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Malware & Threats

Multi-Stage Malware Heavily Used in Recent Cobalt Attacks

The Russia-based Cobalt hacking group has made heavy use of the CobInt malware in recently observed campaigns, Proofpoint’s security researchers warn. 

The Russia-based Cobalt hacking group has made heavy use of the CobInt malware in recently observed campaigns, Proofpoint’s security researchers warn. 

The Cobalt Gang appeared to have stopped using the malware as a first-stage downloader earlier this year, but an August campaign targeting Russian and Romanian banks revealed that they are using it again. 

Known for targeting financial institutions worldwide, the group has also launched cyberattacks against organizations in the government, telecom/Internet, service providers, manufacturing, entertainment, and healthcare industries. 

Since July, the multi-stage CobInt malware has been a constant presence in the threat actor’s attacks, delivered via malicious Office documents built using the ThreadKit exploit builder

The malicious documents are targeting recent vulnerabilities in Microsoft Office, namely CVE-2017-8570, CVE-2017-11882, and CVE-2018-0802. The malicious files either attempt to drop a stage 1 payload or link to the CobInt downloader directly. 

Between August 2 and September 4, Proofpoint detected four Cobalt attacks attempting to drop CobInt. The most recent of the incidents leveraged an Office document with a relationship object to fetch an external VBscript exploiting CVE-2018-8174 for the payload’s execution.

Written in C, CobInt is a downloader malware that can be broken up into three stages: an initial downloader, the main component, and additional modules.

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The first stage’s purpose is to download the main CobInt component. It features encrypted command and control (C&C) host and URI, hides its functionality through the use of Windows API function hashing, and downloads the next stage via HTTPS.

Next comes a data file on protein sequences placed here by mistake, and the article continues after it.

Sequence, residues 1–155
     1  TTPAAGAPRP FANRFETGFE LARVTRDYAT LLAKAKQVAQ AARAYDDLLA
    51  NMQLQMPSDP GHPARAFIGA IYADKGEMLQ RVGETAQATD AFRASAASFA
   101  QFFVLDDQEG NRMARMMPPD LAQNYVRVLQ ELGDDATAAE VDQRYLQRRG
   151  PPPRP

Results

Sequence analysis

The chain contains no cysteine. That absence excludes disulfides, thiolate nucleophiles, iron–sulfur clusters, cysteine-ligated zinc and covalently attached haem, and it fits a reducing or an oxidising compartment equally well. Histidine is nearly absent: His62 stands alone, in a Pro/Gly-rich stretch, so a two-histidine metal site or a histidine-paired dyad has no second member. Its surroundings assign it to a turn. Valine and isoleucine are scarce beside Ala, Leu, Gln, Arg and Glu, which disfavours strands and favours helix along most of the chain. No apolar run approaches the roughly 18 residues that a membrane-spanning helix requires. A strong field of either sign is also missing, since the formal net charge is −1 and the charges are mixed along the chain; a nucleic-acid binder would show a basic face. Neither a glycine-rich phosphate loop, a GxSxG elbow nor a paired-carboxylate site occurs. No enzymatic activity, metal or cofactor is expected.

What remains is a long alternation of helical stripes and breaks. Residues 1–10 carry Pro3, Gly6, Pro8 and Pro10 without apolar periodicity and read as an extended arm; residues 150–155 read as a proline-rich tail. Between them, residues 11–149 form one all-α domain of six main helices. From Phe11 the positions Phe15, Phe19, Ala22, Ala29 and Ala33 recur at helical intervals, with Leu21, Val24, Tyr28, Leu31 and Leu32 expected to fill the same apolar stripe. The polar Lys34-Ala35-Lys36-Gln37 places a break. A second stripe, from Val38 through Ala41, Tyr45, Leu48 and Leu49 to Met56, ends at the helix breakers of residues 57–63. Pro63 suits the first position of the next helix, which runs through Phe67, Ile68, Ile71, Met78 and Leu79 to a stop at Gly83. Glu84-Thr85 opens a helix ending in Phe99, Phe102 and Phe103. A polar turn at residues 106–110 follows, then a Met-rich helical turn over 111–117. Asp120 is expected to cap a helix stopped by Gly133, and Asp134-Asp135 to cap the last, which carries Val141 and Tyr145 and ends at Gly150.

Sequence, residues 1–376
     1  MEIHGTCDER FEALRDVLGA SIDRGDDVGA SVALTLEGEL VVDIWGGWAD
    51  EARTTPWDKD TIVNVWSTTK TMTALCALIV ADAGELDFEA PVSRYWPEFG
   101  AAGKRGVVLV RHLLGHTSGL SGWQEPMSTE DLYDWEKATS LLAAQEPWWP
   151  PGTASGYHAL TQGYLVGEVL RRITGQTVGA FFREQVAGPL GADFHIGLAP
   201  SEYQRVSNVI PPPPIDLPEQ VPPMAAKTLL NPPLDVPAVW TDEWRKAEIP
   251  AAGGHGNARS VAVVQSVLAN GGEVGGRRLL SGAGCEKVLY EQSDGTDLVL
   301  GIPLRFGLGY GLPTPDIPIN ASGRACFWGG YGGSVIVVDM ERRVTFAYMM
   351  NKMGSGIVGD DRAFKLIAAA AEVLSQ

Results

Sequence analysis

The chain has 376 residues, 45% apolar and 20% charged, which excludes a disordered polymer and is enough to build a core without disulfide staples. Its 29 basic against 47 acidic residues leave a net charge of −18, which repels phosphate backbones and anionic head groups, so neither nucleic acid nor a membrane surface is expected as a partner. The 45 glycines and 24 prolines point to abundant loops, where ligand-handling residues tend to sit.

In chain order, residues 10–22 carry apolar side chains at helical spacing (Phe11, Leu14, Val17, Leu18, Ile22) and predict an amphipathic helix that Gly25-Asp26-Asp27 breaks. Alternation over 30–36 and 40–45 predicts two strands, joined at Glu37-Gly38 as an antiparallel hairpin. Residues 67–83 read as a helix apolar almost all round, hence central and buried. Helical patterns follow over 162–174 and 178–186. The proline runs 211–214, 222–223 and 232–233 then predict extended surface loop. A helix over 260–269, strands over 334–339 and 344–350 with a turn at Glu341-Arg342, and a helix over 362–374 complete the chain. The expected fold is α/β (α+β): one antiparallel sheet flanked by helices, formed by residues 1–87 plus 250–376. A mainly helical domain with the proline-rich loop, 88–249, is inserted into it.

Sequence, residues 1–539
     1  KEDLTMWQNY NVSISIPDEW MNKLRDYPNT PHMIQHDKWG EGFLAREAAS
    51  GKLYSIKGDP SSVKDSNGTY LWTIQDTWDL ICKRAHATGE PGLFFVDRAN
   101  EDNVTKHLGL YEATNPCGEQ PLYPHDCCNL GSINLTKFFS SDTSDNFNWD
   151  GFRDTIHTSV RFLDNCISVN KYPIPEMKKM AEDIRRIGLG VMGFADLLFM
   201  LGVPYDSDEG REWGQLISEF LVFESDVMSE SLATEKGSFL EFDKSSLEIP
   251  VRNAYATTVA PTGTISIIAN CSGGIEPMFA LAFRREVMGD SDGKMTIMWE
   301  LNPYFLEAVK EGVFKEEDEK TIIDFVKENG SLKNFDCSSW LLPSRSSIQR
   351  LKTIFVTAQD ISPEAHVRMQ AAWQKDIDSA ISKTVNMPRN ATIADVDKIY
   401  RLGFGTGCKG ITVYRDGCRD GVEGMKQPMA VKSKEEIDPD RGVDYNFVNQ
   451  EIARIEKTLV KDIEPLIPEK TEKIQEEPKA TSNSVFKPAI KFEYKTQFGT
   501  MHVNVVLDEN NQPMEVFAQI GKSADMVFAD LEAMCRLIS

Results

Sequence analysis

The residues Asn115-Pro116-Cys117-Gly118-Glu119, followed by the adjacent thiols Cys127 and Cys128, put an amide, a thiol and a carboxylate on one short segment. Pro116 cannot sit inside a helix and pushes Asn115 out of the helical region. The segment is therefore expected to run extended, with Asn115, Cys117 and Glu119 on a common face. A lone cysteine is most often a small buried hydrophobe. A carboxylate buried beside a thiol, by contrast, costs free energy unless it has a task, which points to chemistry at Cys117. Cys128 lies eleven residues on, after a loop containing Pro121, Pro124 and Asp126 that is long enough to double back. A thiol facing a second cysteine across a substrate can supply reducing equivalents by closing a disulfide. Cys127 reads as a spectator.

CobInt’s main component is downloaded in the form of a DLL that stage 1 also executes. The main component fetches and runs various modules from the C&C. The malware uses HTTPS to communicate with the server. 

Proofpoint’s researchers discovered four commands that the C&C server can send to the malware: load/execute module; stop polling C&C; execute function set by module; and update C&C polling wait time.

Loaded as shellcode, the modules start executing at the indicated entry point. The malware was observed loading two modules from the C&C, one to send a screenshot to the server, and the other to send a list of running process names. 

These, Proofpoint notes, are reconnaissance steps that the attackers are likely to follow with the deployment of additional modules to the compromised systems of interest. 

“CobInt provides additional evidence that threat actors […] are increasingly looking to stealthy downloaders to initially infect systems and then only install additional malware on systems of interest. […] This appears to be the latest trend as threat actors look to increase their effectiveness and differentiate final payloads based on user profiles,” Proofpoint concludes. 

Related: New Cobalt Campaign Targets Russian and Romanian Banks

Written By

Ionut Arghire is an international correspondent for SecurityWeek.

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